Originally, root beer was made out of …um, roots and molasses. We compromised on a variety of recipes and chose one we liked. In these containers are sarsaparilla root, ginger root, licorice root, a cinnamon stick, and juniper berries; wild cherry bark, hops flowers, a 1/2 c. of “ginger bug;” wintergreen leaf, birch bark, and dandelion root. This is the basics from an 1840 recipe for root beer. Hops are bitter, and they’re what’s in beer to make it bitter, so T. was fairly skeptical about their inclusion… and since we had no brewer’s yeast, we used fresh yeast from the bakery. This… may have been a mistake. Next time we plan to include sassafras root (we accidentally ordered sassafras leaves, which are great for including in gumbo, but not so much in here) and molasses, and a kefir starter, which hopefully doesn’t smell quite so …raw.
The fermented soda experiment is ongoing, but a few things have been learned. First, OPEN ALL BOTTLES GENTLY and IN THE SINK. We had a root beer tsunami the other day, and it wasn’t pretty. The amount of CO2 collecting under the the lid of a bottle can have fatal force – open away from you, just like you would shaken soda, or champagne. Second, lemon juice is brewed soda’s friend – it adds a lot to the blurry medicinal flavors of roots in the root beer, and helps to sort of …cut the raw, yeasty smell. Thirdly, there is a hair-thin line between healthy fermentation and hooch — on hot days, things may go TERRIBLY wrong, very quickly (this hasn’t happened to us yet, but we’ve been warned all over the place about exploding bottles and out-of-control fermentation. We are not making booze! Promise, Mom.) Finally, we’ve learned that though we are willing and eager, making homemade root beer is going to be harder than we thought – the flavor we’re chasing is elusive, and the smell is off-putting to everyone, even veteran booze-drinkers (D took some to work for his coworkers to taste. Once they got past the smell, they all said it was good; T and Niecelet Flea said a definite thumbs down). We’ve concluded that Americans don’t really drink “root beer” so much as they drink sarsaparilla – the flavor of ours was nothing like root beer, except the one time we got root beer from a health-food store and were horrified. We’ll be aiming more for sarsaparilla next time.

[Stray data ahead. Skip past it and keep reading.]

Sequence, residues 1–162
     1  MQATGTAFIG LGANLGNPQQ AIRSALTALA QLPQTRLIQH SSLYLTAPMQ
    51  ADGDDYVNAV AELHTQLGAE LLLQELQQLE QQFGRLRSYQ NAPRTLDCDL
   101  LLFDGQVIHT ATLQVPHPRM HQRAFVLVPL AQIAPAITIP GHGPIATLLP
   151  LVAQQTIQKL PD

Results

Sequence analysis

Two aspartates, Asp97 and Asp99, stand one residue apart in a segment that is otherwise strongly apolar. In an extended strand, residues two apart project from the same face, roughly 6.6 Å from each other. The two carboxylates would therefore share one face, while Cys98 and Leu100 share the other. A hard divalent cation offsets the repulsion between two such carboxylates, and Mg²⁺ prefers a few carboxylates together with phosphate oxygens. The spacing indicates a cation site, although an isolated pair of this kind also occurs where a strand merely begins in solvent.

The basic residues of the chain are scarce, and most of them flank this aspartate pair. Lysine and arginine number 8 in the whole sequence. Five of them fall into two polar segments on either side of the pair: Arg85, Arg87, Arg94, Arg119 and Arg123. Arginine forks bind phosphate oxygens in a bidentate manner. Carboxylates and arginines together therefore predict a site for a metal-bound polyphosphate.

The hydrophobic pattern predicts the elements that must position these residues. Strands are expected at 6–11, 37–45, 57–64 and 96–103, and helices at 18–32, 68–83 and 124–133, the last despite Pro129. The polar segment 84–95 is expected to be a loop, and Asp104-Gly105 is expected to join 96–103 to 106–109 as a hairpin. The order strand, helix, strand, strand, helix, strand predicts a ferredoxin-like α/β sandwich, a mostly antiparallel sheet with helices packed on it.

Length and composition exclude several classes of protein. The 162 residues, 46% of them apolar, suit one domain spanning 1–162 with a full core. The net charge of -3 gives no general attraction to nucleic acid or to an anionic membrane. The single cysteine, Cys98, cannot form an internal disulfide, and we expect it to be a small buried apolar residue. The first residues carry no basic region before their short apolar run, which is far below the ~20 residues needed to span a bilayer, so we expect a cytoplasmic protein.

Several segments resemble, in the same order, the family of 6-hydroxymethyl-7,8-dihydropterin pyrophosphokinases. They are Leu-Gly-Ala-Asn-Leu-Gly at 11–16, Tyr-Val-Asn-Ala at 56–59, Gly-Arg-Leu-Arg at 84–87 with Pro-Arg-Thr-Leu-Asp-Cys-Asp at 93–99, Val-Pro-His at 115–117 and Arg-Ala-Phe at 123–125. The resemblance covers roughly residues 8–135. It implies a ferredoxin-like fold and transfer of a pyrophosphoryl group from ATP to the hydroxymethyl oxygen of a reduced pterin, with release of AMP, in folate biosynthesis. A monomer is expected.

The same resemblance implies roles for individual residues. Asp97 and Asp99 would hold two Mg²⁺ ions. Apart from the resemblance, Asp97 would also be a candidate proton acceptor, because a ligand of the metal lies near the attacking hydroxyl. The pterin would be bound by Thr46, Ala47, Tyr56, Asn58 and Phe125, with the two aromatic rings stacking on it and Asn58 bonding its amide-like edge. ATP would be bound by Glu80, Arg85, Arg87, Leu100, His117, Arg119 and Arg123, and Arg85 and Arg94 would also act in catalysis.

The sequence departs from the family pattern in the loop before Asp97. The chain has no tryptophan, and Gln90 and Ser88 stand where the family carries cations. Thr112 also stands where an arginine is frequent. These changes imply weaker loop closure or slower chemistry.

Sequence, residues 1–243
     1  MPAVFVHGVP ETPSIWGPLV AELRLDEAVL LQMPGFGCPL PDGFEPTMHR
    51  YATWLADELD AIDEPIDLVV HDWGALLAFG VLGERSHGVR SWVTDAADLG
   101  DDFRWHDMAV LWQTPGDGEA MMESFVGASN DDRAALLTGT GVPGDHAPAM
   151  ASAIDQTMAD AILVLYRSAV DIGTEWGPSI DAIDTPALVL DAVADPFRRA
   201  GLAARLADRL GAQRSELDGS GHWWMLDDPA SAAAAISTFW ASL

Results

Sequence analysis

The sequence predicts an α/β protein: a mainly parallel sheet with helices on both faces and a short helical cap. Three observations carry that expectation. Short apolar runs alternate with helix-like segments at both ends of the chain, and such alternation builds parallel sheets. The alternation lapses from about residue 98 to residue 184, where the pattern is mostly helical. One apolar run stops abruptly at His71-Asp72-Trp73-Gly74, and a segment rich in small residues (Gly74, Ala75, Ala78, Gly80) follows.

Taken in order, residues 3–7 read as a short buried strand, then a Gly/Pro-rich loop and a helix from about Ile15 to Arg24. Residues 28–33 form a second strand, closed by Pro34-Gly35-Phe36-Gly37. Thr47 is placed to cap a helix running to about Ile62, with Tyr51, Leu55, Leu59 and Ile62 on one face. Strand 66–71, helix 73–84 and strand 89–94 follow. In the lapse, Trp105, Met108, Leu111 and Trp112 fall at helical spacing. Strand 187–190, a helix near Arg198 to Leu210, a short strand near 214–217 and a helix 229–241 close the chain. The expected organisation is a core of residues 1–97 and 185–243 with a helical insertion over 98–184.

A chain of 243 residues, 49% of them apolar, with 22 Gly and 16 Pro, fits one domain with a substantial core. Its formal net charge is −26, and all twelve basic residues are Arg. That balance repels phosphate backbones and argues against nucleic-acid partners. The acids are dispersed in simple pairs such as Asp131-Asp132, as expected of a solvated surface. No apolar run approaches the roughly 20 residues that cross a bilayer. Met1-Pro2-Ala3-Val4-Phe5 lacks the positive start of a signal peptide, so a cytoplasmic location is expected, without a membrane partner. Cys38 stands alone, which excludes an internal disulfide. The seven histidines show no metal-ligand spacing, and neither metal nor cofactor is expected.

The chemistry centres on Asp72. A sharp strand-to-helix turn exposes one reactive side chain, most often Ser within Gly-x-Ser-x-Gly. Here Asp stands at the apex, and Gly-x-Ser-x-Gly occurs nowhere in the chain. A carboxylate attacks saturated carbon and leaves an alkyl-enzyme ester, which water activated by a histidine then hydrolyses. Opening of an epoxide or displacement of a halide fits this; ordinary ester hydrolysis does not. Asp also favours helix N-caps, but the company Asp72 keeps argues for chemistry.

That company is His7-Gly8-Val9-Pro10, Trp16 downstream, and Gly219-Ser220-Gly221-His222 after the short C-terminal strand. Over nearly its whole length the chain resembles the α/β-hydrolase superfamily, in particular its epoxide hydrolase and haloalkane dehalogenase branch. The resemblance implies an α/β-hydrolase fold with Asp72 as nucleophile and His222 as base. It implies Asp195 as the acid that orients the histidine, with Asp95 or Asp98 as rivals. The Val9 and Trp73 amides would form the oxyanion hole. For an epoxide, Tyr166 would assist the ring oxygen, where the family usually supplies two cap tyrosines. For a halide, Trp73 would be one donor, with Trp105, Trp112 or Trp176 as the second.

The ginger beer is definitely easier for first-timers. We rather like the ginger beer – though T says it’s nowhere near as strong and lemon-y as it should be, and since she drank various brands everywhere everyone else had a diet Coke, she ought to know. T suggests dried ginger root will be added in copious amounts next time, along with fresh, to the ginger bug, and and lots more lemon juice in continuing incarnations. Stay tuned!
Hope you’re finding ways to keep busy and creative in the hot weather – or the wet weather – or wherever you find yourself. Savor every day of summertime – too hot, or not. Life doesn’t resume when it cools down or heats up, or is some ephemeral right temperature – it’s right now, so enjoy.